The primary aim and purpose of considering the trial fairness factor in the s. 24(2) analysis is to prevent an accused person whose Charter rights have been infringed from being forced or conscripted to provide evidence in the form of confessions, statements or bodily samples for the benefit of the state. Thus, when the trial fairness factor is being considered, it is necessary to classify the evidence as constrictive or non-constrictive based upon the manner in which the evidence was obtained. If the accused was not compelled to participate in the creation or discovery of the evidence, the evidence will be classified as non-constrictive. Its admission will not render the trial unfair and the court will proceed to consider the seriousness of the breach and the effect of exclusion on the repute of the administration of justice. If the evidence, obtained in a manner which violates the Charter, involved the accused being compelled to incriminate himself either by a statement or by the use as evidence of his body or of bodily substances, it will be classified as constrictive evidence. The unauthorized use of a person's body or bodily substances is just as much compelled "testimony" that could render the trial unfair as is a compelled statement. The security of the body is thus as worthy of protection from state intrusion aimed at compelled self-incrimination as are statements. If the evidence is found to be constrictive evidence, which in the case of statements includes derivative evidence, and the Crown demonstrates on a balance of probabilities that it would have been discovered by alternative non-constrictive means -- where an independent source exists or discovery was inevitable -- then its admission will generally not render the trial unfair. However, the seriousness of the Charter breach and the effect of exclusion on the repute of the administration of justice will have to be considered. If the evidence is constrictive and the Crown fails to demonstrate on a balance of probabilities that the evidence would have been discovered by alternative non-constrictive means, then its admission will render the trial unfair. The court, as a general rule, will exclude the evidence without considering the seriousness of the breach or the effect of exclusion on the repute of the administration of justice. This must be the result since an unfair trial would necessarily bring the administration of justice into disrepute.

Here, in considering how the admission of the evidence would affect the fairness of the trial, the trial judge erred in concluding that the hair samples, saliva and dental impressions existed independently of any Charter breach and were thus admissible. The accused's bodily samples and impressions existed as "real" evidence but the police, by their words and actions, compelled the accused to provide evidence from his body. This evidence constituted constrictive evidence. The impugned evidence would not have been discovered had it not been for the conscription of the accused in violation of his Charter rights and no independent source existed by which the police could have obtained the evidence. It follows that its admission would render the trial unfair. This finding is sufficient to resolve the s. 24(2) issue as the evidence must be excluded.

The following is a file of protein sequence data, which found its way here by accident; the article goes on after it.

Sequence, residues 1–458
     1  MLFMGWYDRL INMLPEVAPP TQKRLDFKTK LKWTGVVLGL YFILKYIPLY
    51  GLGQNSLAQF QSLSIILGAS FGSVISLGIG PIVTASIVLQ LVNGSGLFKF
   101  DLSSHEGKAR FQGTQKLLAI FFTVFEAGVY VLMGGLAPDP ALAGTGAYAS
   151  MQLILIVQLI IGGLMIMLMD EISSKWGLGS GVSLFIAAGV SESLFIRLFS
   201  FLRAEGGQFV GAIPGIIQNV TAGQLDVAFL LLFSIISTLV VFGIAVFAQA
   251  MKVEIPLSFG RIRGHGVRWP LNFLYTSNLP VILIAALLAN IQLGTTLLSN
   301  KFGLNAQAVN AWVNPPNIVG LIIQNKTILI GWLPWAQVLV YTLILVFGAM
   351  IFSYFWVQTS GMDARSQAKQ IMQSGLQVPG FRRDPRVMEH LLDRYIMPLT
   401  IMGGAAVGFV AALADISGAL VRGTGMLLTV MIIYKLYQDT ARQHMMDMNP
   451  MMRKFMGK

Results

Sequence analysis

In any event, the Charter violations pursuant to which this evidence was obtained were of a very serious nature. The police acted with blatant disregard for the fundamental rights of the accused. Notwithstanding his express refusal to provide bodily samples or to give a statement, the police purposely waited until his lawyers had left to proceed, through the use of force, threats and coercion, to take his bodily samples and to interrogate him in an effort to obtain a statement. The police were also aware that the accused was a young offender at the time, and that he was entitled to the special protection provided by the Young Offenders Act. Finally, the fact that the police rode roughshod over a young offender's refusal to provide his bodily samples would certainly shock the conscience of all fair minded members of the community. The admission of the evidence would thus bring the administration of justice into disrepute.

The tissue containing the mucous, however, should not be excluded. The police did not force, or even request, a mucous sample from the accused. Although the police acted surreptitiously in disregard for the accused's explicit refusal to provide them with bodily samples, the violation of the accused's Charter rights with respect to the tissue was not serious. The seizure did not interfere with the accused's bodily integrity, nor cause him any loss of dignity. In any event, the police could and would have obtained the discarded tissue. It was discoverable and the administration of justice would not be brought into disrepute if the evidence obtained from the mucous sample were to be admitted.